any essential quotes?
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There are a number of significant quotes in this novel, but I would assume you need to cite them in accordance with specific themes; do you have any further details as to what these quotes should pertain to?
Power of the court
Balance of power
thats all i can think of
"They were murdered, Mr. Parris! And mark this proof! Last night my Ruth were ever so close to their little spirits; I know it, sir. For how else is she struck dumb now except some power of darkness would stop her mouth? It is a marvelous sign, Mr. Parris!" (Act 1)
MARY WARREN: And so I told that to Governor Danforth, and he asks her so. "Goody Osburn, " says he, "what curse do you mumble that this girl must fall sick after turning you away?" And then she replies- mimicking an old crone -"Why, your excellence, no curse at all. I only say my commandments; I hope I may say my commandments," says she!
ELIZABETH: And that's an upright answer.
MARY WARREN: Aye, but then Governor Danforth say, "Recite for us your commandments!"- leaning avidly toward them –and of all the ten she could not say a single one. She never knew no commandments, and they had her in a flat lie!
PROCTOR: And so condemned her?
MARY WARREN, now a little strained, seeing his stubborn doubt: Why, they must when she condemned herself.
PROCTOR: But the proof, the proof!
MARY WARREN, with greater impatience with him: I told you the proof. It's hard proof, hard as rock, the judges said. (Act 2)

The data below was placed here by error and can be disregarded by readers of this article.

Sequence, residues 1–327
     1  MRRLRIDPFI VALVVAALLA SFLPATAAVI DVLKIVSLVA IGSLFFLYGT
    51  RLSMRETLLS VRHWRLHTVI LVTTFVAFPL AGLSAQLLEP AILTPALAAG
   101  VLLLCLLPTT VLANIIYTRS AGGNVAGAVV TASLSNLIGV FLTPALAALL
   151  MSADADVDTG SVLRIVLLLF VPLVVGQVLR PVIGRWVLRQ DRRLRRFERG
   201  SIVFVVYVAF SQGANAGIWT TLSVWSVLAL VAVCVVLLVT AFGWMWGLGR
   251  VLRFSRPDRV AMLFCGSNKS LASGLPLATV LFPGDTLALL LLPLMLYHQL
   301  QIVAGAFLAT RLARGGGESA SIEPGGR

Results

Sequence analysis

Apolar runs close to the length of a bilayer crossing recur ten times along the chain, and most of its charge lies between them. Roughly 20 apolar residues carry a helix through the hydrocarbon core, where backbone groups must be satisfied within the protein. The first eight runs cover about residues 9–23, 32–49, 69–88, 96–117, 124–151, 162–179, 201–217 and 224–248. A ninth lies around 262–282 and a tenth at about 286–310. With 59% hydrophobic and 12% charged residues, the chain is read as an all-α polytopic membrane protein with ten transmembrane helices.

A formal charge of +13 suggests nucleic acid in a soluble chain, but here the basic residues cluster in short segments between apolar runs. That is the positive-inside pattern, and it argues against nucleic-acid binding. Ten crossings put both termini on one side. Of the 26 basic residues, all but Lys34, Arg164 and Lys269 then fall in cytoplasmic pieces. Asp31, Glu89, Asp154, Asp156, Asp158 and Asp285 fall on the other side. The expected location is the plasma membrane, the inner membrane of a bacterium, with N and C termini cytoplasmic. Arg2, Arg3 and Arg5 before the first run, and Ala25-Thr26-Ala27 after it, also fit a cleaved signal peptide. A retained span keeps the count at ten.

This is where the court makes a decision regardless of the fact that they had no real evidence.
ABIGAIL, with a bitter anger: Oh, I marvel how such a strong man may let such a sickly wife be-
PROCTOR, angered-at himself as well: You'll speak nothin' of Elizabeth!
ABIGAIL: She is blackening my name in the village! She is telling lies about me! She is a cold, sniveling woman, and you bend to her! Let her turn you like a-
PROCTOR, shaking her: Do you look for whippin'? (Act 1)
ELIZABETH: John, with so many in jail, more than Cheever’s help is needed now, I think. Would you favor me with this? Go to Abigail.
PROCTOR, his soul hardening as he senses..: What have I to say to Abigail?
ELIZABETH, delicately: John-grant me this. You have a faulty understanding of young girls. There is a promise made in any bed-
PROCTOR, striving against his anger: What promise!
ELIZABETH: Spoke or silent, a promise is surely made. And she may dote on it now-I am sure she does-and thinks to kill me, then to take my place.
Proctor's anger is rising; he cannot speak.
ELIZABETH: It is her dearest hope, I know it. There be a thousand names; why does she call mine? There be a certain danger in calling such a name-I am no Goody Good that sleeps in ditches, nor Osburn, drunk and half-witted. She’d dare not call out such a farmer’s wife but there be monstrous profit in it. She thinks to take my place, John. (Act 2)